European stocks rose on Thursday to extend gains for the fourth straight session on optimism that efforts to ease lockdown restrictions on businesses and people will contribute to quick economic recovery.

Fresh fiscal stimulus proposals from the European Union and Japan also helped underpin investor sentiment.

The European Union proposed Wednesday a €750 billion stimulus program to help limit the damage inflicted by the coronavirus pandemic.

The Japanese Cabinet approved a 31.91 trillion yen ($296 billion) second supplementary budget for the fiscal year through next March to reduce the social and economic impacts of the coronavirus outbreak.

On the data front, Eurozone economic confidence improved in May from a record low, survey data from the European Commission showed.

The economic sentiment index rose to 67.5 in May from 64.9 in the previous month. However, the reading was below economists' forecast of 70.3.

The pan European Stoxx 600 climbed 1.1 percent to 353.45 after closing up 0.2 percent on Wednesday.

The German DAX rose 0.6 percent, France's CAC 40 index gained 0.9 percent and the U.K.'s FTSE 100 was up 0.4 percent.

Roche Holding gained nearly 2 percent. The company said it has initiated a late-stage trial of a two drug combination to treat patients with severe Covid-19 pneumonia.

Shares of Scandinavian Airlines System plunged 11 percent in Sweden after the company reported a sharply wider net loss in its second quarter, hurt by weak demand amid Covid-19.

Fresenius SE & Co rose over 1 percent after its Kabi unit and German pharmaceutical company medac entered into a marketing agreement for treatments of rheumatic illnesses.

Industrial design services company Bertrandt Group rallied 2.5 percent despite reporting a fall in first-half profit.

Capgemini advanced 1.3 percent after it established a joint venture with Audi AG to provide digital technology and consulting services.

Aerospace giant Safran gained 1.6 percent after Boeing Co said it had resumed production of its 737 MAX passenger jet at its Washington plant.

Shares of easyJet jumped over 5 percent after the low-frills airline confirmed it would restart a number of flights on 15 June. The airline also announced plans to cut up to 30 percent of its workforce to cope with the collapse in demand.

Engine maker Rolls-Royce Holdings slumped 7 percent.

GlaxoSmithKline rose 1.3 percent. The company said it plans to produce 1 billion doses of vaccine efficacy boosters, or adjuvants, next year.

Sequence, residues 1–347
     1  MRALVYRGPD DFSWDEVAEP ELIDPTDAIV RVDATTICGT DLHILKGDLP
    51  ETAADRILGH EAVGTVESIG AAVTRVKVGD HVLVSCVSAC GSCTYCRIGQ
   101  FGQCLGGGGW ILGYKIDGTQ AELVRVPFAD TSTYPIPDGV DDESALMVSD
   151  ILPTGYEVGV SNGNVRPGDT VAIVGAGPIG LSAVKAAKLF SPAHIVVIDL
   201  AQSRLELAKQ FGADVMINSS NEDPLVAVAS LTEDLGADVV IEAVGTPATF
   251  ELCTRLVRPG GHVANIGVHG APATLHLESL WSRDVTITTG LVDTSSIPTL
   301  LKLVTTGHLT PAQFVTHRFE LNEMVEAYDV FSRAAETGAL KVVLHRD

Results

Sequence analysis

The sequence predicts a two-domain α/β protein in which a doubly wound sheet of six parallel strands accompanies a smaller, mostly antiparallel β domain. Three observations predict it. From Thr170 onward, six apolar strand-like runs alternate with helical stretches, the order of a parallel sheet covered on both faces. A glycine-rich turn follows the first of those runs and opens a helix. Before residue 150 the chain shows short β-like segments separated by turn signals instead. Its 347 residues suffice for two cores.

Shares of Cineworld Group jumped as much as 23 percent after the movie-chain operator said it negotiated a covenant waiver.

Media firm Daily Mail and General Trust tumbled 5 percent as it reported a 44 percent fall in first-half profit.

U.S. Economic Reports

New orders for U.S. manufactured durable goods showed a substantial decrease in the month of April, according to a report released by the Commerce Department on Thursday.

The report said durable goods orders plunged by 17.2 percent in April following a revised 16.6 percent nosedive in March.

Economists had expected durable goods orders to plummet by 19.0 percent compared to the 14.4 percent slump originally reported for the previous month.

Excluding a steep drop in orders for transportation equipment, durable goods orders tumbled by 7.4 percent in April after falling by 1.7 percent in March.

A separate report released by the Labor Department on Thursday showed a continued decrease in first-time claims for U.S. unemployment benefits in the week ended May 23rd.

The Labor Department said initial jobless claims dropped to 2.123 million, a decrease of 323,000 from the previous week's revised level of 2.446 million.

Economists had expected jobless claims to fall to 2.100 million from the 2.438 million originally reported for the previous week.

With the decrease, jobless claims pulled back further off the record high of 6.867 million set in the week ended March 28th.

At 10 am ET, the National Association of Realtors is scheduled to release its report on pending home sales in the month of April. Pending home sales are expected to plunge by 15.0 percent.

The Energy Information Administration is due to release its report on oil inventories in the week ended May 22nd at 11 am ET. Crude oil inventories are expected to decrease by 1.9 million barrels.

Also at 11 am ET, New York Federal Reserve Bank President John Williams is scheduled to speak in a moderated discussion at the Stony Brook University College of Business in Stony Brook, New York.

Philadelphia Federal Reserve Bank President Patrick Harker is due to give keynote opening remarks at a conference webinar on "Reinventing Our Communities: Planning for Equity in Recovery - Lessons We're Learning from COVID-19" at 3 pm ET.